The buckwheat in your product was grown in China under fully accredited organic certification. While the level of pollution visible in China’s many cities gives many cause to doubt the ‘organic’ status of Chinese farmers, you can be assured that our suppliers, who source the farmers to supply them, adhere to strict requirements. They even go beyond these requirements, using heavy metal detectors to ensure their grains aren’t laden with heavy metals from air pollution.
We always prefer to support Australian farmers and produce, however due to bad weather (drought or sometimes too much rain at the wrong time) these crops can fail, sometimes several years in a row. This can be financially devastating for farmers – you can imagine the impact on any small business sustaining total loss of your stock multiple years in a row.
Farmers who grow buckwheat for us can suffer reduced yields when the summer is too dry and hot. This season many farmers were unable to plant buckwheat crops due to the soil being too dry.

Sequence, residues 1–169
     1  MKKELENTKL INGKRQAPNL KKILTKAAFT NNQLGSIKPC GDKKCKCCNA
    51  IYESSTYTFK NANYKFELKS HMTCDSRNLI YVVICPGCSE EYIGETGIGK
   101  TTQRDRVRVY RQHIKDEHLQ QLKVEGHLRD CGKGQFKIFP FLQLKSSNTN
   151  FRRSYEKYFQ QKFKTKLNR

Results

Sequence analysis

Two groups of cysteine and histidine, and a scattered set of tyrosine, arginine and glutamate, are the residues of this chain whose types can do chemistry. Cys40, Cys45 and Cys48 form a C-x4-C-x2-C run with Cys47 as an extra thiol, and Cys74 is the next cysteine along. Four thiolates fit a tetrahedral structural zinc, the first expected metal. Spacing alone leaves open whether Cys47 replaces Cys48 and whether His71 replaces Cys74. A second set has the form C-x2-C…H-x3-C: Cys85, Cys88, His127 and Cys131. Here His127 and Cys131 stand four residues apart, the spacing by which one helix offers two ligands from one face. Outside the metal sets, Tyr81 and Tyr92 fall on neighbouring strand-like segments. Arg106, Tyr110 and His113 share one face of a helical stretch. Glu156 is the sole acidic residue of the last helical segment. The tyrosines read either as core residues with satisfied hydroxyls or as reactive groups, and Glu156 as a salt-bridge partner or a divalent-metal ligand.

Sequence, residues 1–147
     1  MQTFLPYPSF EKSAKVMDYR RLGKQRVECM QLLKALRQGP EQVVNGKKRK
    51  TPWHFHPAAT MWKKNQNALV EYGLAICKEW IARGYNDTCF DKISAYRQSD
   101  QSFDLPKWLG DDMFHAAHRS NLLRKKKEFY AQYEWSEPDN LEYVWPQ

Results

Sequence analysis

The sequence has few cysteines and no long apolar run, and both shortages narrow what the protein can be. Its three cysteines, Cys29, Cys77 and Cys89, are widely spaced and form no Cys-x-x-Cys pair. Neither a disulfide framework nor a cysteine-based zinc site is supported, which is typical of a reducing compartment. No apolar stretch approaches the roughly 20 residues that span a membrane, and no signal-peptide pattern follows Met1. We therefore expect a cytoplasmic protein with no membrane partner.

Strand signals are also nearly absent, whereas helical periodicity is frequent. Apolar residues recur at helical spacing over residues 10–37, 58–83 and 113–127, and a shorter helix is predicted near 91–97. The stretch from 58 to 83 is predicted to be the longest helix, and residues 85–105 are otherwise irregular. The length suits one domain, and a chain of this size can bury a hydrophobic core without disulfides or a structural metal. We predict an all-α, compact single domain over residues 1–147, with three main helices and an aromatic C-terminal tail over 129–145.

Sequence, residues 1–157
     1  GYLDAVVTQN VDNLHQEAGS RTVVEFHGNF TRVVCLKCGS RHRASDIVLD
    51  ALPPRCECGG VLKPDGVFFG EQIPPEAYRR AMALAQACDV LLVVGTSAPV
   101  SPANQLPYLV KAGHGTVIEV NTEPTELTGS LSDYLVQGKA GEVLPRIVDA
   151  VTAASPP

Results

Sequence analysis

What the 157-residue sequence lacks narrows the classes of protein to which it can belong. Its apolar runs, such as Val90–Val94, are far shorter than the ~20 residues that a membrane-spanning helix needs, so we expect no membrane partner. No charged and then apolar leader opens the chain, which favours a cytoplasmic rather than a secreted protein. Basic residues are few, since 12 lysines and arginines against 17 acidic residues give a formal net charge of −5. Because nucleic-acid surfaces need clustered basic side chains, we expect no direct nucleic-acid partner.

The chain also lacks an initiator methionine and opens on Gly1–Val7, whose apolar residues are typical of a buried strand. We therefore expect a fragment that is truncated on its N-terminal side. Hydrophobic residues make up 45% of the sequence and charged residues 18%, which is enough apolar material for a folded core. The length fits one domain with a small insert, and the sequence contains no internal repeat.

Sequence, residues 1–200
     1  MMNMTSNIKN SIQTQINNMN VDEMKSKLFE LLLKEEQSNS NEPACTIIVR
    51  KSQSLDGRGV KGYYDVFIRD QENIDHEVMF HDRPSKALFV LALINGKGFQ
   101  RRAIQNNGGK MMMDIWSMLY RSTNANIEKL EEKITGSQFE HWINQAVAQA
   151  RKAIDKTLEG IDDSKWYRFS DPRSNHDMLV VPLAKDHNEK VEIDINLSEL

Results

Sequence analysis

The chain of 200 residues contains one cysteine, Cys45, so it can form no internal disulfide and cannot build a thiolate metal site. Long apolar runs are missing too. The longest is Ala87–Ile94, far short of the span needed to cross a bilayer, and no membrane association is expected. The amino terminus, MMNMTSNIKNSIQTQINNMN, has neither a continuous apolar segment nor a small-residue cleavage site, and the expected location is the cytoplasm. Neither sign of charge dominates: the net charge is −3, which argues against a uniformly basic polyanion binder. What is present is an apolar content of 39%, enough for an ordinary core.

The fact that buckwheat is a summer crop can be part of the problem in Queensland. While the crop likes warmth, summer also tends to be the rainy season in the northern part of Australia. This means that every time a farmer plants his summer crops (eg: buckwheat, millet) he runs the risk of loosing the lot to floods or excessive rain. Or of not getting enough summer rain for the crop to survive. Rainfall can’t be predicted with any accuracy more than a week or two out, so, if there’s enough moisture in the soil, it’s a case of plant and cross your fingers. As you can imagine, people on the land spend a lot of time listening to weather reports!
The outcome of a shortfall in the buckwheat yield is that we must source it elsewhere.
This is why we have found a reliable organic source for this product in China, until such time as our farmers get a turn of luck.
Location of the buckwheat farms in China:
Jianping county Liaoning Province